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How does she sound? I had to adjust the Jag quite a bit to get it to play comfortable and to match the different pickup outputs. The ‘stock’ Jag neck pickup is loud enough by itself, but the Hot Rails are really high output in comparison. Finding a bit of a balance was essential. I might not go for playing both pickups on at the same time, at least when switching between both I think I have it setup pretty nice now. I haven’t had the chance to play the Jag a lot but she sounds great clean or with overdrive and a ton of effects. I get why Ronald used Jaguars with Hot Rails, you get the best of both worlds with this combination of pickups. The neck is really comfortable to play, very smooth and fast profile. I might want to change the strings to something a bit thicker but I’m satisfied at the moment.

This January I went to a Flaming Lips concert for the first time ever. I was much too young to have seen them live in the 90s, even-so Steven said during the show he didn’t remember the last time they performed in the Netherlands. Probably even before he joined in ’91 or not at all… I’m not the greatest fan of their recent album(s), the show was amazing nonetheless so it didn’t bother me. It were mostly songs from previous albums, although I disliked the Lips didn’t play any songs prior to ‘Soft Bulletin’. Speaking of concerts, Future Heart posted a little backstory of Ronald’s final concert with the band: Interesting read, more-so because they also posted a couple of songs from that last show. Great audio and the performances were stellar from a band that was about to splinter…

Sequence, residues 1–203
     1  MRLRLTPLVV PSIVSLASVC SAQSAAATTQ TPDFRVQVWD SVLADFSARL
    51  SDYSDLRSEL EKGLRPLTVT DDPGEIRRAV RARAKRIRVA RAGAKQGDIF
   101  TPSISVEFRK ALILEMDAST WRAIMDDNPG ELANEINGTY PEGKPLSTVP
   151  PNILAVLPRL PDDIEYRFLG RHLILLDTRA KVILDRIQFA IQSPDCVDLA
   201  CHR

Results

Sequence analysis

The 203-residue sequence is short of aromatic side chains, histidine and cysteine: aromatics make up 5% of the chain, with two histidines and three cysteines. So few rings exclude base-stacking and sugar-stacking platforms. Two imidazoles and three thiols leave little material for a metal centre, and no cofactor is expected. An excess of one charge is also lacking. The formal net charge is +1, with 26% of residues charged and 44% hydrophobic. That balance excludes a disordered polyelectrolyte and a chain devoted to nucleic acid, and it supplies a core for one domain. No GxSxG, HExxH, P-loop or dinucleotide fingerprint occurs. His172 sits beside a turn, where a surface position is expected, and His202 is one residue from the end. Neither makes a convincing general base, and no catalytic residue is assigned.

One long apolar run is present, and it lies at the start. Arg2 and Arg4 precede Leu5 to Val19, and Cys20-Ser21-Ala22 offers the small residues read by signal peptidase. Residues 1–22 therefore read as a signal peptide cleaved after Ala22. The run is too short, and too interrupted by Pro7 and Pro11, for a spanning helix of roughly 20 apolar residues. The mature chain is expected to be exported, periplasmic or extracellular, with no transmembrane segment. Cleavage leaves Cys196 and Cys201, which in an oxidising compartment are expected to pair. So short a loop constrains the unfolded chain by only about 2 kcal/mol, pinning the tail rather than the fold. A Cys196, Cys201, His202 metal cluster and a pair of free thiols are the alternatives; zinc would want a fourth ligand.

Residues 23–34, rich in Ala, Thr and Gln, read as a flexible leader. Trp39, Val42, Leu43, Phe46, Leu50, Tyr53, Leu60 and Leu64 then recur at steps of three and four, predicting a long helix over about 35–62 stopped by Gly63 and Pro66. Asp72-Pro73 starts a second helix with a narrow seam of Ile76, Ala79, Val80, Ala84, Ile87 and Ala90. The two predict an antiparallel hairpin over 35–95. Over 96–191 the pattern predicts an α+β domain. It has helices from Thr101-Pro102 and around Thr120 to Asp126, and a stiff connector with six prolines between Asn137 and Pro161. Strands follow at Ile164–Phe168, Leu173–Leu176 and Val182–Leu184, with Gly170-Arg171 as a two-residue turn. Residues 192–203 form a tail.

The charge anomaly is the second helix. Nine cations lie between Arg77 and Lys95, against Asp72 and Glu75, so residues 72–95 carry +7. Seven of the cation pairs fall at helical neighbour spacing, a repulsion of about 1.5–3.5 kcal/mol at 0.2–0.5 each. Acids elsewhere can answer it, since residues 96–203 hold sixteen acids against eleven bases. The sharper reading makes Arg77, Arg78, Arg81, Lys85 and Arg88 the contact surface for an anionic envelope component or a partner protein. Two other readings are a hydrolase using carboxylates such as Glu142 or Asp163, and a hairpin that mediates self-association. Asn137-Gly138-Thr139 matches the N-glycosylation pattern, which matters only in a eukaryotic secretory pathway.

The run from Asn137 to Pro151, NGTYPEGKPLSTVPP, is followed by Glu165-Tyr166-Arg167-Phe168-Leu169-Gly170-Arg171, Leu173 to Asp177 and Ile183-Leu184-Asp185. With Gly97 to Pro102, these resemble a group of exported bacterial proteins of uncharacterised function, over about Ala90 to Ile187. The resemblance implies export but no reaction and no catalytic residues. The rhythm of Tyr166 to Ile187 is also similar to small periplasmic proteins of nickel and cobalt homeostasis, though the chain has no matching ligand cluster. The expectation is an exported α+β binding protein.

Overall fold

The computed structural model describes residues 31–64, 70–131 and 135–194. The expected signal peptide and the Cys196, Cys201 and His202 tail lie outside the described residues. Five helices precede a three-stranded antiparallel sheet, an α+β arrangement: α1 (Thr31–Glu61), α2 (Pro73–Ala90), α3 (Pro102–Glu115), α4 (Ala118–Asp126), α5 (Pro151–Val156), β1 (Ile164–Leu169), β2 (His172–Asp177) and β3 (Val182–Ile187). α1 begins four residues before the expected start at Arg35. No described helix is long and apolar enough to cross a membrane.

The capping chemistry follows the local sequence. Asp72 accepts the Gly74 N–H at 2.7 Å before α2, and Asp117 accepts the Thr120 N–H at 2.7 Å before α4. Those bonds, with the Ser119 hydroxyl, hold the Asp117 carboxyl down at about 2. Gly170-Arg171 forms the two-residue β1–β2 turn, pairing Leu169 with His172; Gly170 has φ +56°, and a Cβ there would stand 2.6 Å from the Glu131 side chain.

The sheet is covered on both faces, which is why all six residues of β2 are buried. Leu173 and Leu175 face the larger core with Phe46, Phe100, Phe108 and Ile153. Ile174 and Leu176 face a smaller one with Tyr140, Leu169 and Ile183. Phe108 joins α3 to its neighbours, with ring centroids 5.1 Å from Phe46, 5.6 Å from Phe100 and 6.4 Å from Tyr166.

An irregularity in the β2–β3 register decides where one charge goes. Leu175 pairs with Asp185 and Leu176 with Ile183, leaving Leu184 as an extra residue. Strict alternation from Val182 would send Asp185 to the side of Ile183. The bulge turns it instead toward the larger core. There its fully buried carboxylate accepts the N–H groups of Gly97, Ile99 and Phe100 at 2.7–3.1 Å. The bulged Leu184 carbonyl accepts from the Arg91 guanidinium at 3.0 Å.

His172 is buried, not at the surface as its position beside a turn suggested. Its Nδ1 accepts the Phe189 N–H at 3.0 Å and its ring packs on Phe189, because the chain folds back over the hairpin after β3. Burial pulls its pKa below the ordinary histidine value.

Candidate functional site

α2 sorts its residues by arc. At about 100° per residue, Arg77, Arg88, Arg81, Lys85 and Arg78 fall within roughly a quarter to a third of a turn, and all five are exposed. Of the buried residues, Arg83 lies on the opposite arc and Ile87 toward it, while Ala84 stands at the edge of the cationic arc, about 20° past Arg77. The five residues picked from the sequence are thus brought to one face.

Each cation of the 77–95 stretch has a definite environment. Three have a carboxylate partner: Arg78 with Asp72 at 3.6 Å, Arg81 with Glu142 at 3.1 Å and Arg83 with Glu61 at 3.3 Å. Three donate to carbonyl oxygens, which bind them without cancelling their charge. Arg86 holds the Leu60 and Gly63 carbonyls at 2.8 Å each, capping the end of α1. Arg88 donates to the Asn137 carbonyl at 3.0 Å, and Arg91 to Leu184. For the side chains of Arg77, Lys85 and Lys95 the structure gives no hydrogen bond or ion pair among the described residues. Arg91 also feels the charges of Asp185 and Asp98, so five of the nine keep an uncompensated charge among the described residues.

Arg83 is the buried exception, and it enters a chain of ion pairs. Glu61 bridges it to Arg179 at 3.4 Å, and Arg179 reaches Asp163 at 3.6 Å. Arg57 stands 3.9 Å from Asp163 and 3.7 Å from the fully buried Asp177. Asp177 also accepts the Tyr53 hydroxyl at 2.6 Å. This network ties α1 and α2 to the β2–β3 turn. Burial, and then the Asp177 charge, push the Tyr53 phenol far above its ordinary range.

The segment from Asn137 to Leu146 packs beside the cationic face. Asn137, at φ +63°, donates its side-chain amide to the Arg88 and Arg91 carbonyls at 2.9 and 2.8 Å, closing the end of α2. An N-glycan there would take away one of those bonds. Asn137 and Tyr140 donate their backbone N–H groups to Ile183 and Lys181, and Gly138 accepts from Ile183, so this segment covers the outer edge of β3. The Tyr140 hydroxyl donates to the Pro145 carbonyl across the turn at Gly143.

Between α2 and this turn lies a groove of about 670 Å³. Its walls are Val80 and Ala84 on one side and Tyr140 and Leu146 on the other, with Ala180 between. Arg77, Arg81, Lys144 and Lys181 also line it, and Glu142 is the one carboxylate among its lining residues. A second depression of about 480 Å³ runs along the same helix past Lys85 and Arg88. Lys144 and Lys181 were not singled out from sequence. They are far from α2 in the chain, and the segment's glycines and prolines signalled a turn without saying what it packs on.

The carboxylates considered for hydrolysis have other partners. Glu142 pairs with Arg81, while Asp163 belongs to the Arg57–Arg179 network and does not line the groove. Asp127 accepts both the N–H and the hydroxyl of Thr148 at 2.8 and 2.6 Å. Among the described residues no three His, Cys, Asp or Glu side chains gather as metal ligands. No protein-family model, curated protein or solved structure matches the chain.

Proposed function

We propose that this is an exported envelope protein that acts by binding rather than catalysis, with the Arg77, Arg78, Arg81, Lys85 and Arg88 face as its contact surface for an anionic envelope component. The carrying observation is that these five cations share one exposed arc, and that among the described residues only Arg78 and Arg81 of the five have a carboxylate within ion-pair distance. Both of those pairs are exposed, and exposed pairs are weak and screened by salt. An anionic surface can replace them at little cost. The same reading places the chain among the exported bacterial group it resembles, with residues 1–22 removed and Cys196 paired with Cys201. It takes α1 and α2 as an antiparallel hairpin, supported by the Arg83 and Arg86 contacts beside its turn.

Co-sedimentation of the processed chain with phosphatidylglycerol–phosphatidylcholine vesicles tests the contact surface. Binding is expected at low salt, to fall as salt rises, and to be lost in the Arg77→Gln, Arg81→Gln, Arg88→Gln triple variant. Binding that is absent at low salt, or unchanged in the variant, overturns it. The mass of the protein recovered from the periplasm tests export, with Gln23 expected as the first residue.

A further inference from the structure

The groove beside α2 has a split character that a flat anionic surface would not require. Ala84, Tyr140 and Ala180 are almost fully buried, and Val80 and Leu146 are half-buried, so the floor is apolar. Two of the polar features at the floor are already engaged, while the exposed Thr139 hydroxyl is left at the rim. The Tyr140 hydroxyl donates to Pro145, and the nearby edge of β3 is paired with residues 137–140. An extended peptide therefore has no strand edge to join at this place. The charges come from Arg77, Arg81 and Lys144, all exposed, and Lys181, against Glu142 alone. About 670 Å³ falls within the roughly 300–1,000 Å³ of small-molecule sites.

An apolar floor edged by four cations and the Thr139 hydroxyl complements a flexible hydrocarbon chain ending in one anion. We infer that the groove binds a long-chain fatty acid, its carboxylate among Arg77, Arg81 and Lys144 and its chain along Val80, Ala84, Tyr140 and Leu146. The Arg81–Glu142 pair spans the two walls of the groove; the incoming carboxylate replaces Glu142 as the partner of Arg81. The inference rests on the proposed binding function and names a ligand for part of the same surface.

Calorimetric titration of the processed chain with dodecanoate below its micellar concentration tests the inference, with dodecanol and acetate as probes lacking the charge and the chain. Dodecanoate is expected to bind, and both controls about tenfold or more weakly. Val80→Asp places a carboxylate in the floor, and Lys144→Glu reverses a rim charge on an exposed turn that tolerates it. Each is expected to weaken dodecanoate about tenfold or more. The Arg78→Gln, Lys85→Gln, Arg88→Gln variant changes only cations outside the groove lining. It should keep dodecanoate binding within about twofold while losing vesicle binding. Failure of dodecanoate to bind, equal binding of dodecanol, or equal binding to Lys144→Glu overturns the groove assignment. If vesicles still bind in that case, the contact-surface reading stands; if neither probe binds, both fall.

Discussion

Lastly, someone made a ‘short’ documentary on Ronald Jones and his time with the Flaming Lips. It’s nothing officially or anything by the way. Not for everyone I guess but I certainly found it interesting:

Well, I’m so glad I got to finish this guitar after all these months. It has been almost a year since I first had the idea to build this tribute, too bizarre. Thanks Ronald!

(PS: the Billy Corgan Stratocaster is also coming along for any one who was curious what happened to that project! I have also recently acquired a chopped-up Ibanez Ripper bass. It’s the weirdest thing I’ve seen in awhile and that’s an understatement!)

Guitar Project #3: 90s Fender Duo-Sonic

Didn’t expect this in-between guitar project, I didn’t even know of the existence of this particular reissue. I came across this guitar when browsing the local Craigslist-variant on the look-out for a neck for my Fender Jaguar. Unfortunately, still haven’t found one but more on that later. The Duo-Sonic parts were pretty cheap, so I figured why not? If I don’t like it in the long run I could probably sell it for a nice profit.

These Duo-Sonics were introduced in 1993 by Fender Mexico and made until 1997. The color options were Arctic White, Black or Torino Red, although there was also a (very limited?) series featuring the ‘Competition’ colors with the racing stripes. The body is made from poplar like most guitars from Mexico at the time. This ‘reissue’ is a weird mix from the different years of the original run of the Duo-Sonic from the 50s and 60s. The neck is the strangest thing on this guitar. It has a scale length of 22.7 inches, 20 frets and has a rather big nut width compared to its shortscale size. I’d almost compare it to the nut width of a modern Stratocaster.

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As you can see in the pictures the Duo-Sonic was missing a few parts; I only got the body, neck, pickguard and bridge. Luckily, the electronics were few and the Kluson tuners cheap. I decided to use the two Lace Sensor single coil pickups I originally intended to use in my Billy Corgan tribute Strat which is still in the works. More on that later as well.